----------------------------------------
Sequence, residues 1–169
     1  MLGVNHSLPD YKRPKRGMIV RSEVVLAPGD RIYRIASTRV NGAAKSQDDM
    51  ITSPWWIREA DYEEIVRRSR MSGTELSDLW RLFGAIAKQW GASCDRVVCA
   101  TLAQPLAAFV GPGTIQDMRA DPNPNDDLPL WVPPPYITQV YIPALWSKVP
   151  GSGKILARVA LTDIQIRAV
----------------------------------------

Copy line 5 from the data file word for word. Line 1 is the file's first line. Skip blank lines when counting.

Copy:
   151  GSGKILARVA LTDIQIRAV